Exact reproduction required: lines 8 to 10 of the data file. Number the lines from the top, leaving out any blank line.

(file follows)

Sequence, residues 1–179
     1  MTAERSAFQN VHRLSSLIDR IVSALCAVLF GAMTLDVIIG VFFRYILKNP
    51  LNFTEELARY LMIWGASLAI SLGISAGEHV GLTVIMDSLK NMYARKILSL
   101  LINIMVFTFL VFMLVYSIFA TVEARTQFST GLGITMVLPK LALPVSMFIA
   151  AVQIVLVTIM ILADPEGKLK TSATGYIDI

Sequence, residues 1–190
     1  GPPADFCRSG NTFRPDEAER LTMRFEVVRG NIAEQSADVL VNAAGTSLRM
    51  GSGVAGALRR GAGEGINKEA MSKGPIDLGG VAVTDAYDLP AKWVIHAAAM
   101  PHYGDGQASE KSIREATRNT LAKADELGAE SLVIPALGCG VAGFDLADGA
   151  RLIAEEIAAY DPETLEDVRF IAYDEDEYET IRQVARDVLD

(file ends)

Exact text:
    51  GSGVAGALRR GAGEGINKEA MSKGPIDLGG VAVTDAYDLP AKWVIHAAAM
   101  PHYGDGQASE KSIREATRNT LAKADELGAE SLVIPALGCG VAGFDLADGA
   151  RLIAEEIAAY DPETLEDVRF IAYDEDEYET IRQVARDVLD